The famed Forfar Bridie has finally made its case to join Europe’s foodie top table but could still find Brussels bureaucrats rule the bid past its sell by date.
A decade after the idea was first mooted, the bridie’s attempt to join Angus associate the Arbroath Smokie alongside the likes of Champagne, Parma Ham and Stornoway Black Pudding on the list of geographically protected foods is now official.
Angus Council chiefs have confirmed the Forfar Bridie Producers’ Association PGI (Protected Geographical Indication) final application has been submitted but uncertainty remains over whether or not Brexit will leave a sour taste.
Angus policy and resources committee councillors were told the PGI application has been through a national consultation and is currently at the EC scrutiny stage prior to a three-month EU wide consultation.
If successful, PGI status would prohibit any bridie made outwith a five-mile radius of the Angus town from being called a Forfar Bridie.
“If (there are) no objections during this consultation then the product name would be registered giving it protected status throughout the EU and automatically recognised in the UK,” stated a report to councillors.
“At this stage we cannot inform of any impacts from Brexit”.
Michael Saddler of the town’s family bakery firm said: “It has dragged on for so long that we’re not getting carried away, but of course it would be a great thing if it did happen.
“The bridie is as popular as ever, our sales have held up over the years and I’m sure the other bridie firms in the town as selling as much as well.
“If there is a chance of it getting PGI status we would be delighted because, as we’ve seen with foods like the Arbroath Smokie and Stornoway Black Pudding, it brings the name to the fore.
“Even without PGI the bridie is talked about, whether it is people coming to the football in Forfar or to visit places such as Glamis Castle.
“The award of PGI status would bring new attention, but we’ll not lose sleep if it doesn’t happen because there have been so many false dawns around this.”
Angus Council leader David Fairweather welcomed the PGI move and, in a nibble at a political rival, reheated a row which erupted around the savoury last year.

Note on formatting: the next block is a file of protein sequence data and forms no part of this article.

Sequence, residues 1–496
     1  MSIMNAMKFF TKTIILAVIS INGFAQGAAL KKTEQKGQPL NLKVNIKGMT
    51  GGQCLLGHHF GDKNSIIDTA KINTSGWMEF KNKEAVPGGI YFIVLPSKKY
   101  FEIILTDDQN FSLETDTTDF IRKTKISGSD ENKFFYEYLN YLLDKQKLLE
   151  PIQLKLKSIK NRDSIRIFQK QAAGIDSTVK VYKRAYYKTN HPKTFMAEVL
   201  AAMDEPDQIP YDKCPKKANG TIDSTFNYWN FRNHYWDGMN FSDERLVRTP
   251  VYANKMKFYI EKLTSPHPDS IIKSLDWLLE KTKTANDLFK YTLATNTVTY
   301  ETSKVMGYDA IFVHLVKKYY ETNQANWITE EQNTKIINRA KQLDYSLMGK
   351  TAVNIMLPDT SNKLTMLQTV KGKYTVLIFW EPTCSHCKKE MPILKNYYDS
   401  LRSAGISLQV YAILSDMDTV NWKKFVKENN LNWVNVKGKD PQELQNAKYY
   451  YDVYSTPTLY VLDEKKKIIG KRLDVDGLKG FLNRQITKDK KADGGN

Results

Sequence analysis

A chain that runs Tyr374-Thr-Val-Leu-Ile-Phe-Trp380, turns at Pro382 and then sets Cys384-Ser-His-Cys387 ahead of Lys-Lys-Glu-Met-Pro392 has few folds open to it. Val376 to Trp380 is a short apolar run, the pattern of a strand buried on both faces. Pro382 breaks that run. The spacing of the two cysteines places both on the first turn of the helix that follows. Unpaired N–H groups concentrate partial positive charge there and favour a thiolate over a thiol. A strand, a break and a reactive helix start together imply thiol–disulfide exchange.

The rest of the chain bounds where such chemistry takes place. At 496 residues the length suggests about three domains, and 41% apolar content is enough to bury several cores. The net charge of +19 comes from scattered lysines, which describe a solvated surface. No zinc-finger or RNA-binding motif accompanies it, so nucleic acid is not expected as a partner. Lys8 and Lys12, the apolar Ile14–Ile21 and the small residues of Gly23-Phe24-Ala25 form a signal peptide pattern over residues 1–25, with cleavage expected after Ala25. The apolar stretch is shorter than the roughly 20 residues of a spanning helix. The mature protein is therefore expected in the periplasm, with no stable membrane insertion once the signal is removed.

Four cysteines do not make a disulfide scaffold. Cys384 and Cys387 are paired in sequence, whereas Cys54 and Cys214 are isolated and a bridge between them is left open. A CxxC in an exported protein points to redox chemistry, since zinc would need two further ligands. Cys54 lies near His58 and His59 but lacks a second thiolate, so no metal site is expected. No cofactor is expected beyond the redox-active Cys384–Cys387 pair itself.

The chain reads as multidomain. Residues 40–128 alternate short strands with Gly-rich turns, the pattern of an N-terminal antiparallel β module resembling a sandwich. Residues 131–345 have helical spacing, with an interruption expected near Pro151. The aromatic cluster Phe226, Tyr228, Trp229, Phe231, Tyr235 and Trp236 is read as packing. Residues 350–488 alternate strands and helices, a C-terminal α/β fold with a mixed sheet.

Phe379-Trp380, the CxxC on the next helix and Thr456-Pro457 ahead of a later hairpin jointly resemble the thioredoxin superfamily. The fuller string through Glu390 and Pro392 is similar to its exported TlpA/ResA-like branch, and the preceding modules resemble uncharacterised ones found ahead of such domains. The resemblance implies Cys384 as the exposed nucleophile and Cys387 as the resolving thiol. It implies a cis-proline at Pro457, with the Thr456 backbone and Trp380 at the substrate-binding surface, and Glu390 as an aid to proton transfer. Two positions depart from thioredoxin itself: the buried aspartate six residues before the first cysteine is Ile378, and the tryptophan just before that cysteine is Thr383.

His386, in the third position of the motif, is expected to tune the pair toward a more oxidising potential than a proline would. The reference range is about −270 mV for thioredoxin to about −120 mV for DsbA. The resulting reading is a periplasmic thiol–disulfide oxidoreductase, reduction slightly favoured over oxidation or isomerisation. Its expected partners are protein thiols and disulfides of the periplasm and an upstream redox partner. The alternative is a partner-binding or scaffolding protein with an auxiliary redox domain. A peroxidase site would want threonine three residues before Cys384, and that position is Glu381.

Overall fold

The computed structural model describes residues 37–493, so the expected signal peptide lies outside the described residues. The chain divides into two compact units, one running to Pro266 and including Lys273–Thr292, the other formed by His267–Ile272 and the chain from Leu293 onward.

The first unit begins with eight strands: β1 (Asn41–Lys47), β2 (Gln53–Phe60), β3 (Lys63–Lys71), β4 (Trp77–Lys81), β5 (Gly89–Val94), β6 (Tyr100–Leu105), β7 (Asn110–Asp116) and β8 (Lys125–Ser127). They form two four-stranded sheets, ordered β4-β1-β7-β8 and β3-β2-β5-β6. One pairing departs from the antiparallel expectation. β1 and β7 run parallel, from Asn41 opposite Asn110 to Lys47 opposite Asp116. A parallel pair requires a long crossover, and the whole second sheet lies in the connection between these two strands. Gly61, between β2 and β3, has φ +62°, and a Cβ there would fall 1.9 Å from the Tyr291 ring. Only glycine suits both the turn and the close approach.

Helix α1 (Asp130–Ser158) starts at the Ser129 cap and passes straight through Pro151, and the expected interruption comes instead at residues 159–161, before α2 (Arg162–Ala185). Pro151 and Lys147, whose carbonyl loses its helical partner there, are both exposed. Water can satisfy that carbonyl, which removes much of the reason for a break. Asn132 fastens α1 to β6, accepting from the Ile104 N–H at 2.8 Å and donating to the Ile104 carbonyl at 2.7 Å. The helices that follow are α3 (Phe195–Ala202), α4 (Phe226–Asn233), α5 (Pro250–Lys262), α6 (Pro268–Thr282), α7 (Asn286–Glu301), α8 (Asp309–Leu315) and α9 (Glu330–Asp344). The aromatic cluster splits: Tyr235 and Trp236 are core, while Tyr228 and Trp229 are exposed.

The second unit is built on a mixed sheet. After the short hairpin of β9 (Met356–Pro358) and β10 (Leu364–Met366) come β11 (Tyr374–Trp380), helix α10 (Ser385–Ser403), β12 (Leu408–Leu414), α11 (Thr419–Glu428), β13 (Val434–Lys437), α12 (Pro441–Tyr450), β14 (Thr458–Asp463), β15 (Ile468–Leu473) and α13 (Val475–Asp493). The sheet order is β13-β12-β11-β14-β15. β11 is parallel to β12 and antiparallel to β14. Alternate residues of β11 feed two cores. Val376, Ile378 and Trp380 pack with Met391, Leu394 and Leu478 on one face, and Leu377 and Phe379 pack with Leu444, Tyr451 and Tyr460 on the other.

Arbroath Independent Mr Fairweather told policy committee colleagues: “I’m sure Mr Duff will enjoy a bridie once it’s got protected status.”
The comments were a reference to a spicy row which broke out after the Montrose SNP councillor Bill Duff last year branded the bridie a “low quality processed meat product” not fit to feature in a planned £15 million food culture hub which emerged as an Angus idea in the Tay Cities Deal project.
A favourite of all, from orramen to aristocracy.
The Forfar Bridie reportedly originated from Margaret Bridie of Glamis, who sold the meat pasties at Forfar’s Buttermarket in the 18th century, a location now home to the less noteable modern day feature of town centre public loos.
Genealogical research shows has confirmed a Margaret Bridie lived around that time and she is buried in Glamis kirkyard, where her headstone makes reference to the product.
Bridies were traditionally eaten by farm workers and made by wives for their husbands working in the fields – the size and shape convenient to carry and eat on the move with the pastry case insulating the contents and sturdy enough to retain its shape without splitting or cracking and keeping the filling from dirty hands.
Records reveal Jolly’s of Queen Street in Forfar was making Forfar Bridies in the 1840’s and James McLaren & Sons have been making them since 1893 – the business is now run by the fifth generation of the family but the original James McLaren served his apprenticeship at Jolly’s so had been making bridies much earlier than then.
The McLaren and Saddler names have become synonymous with the savoury down the generations and still use the traditional methods to produce plain and onion versions of the world-renowned product.
Peter Pan author J M Barrie wrote about the Forfar Bridie in his 1896 novel Sentimental Tommy, an account of a little boy growing up in a town called Thrums, based on the writer’s birthplace of Kirriemuir.
In July 2019, a Forfar Bridie was also on the menu for the new Earl of Forfar when he and his wife visited the town in recognition of the return of the ancient title following an absence of three centuries.
The earldom was granted to Prince Edward as a 55th birthday gift from his mother, The Queen and will be the title the Royal couple use on visits to Scotland.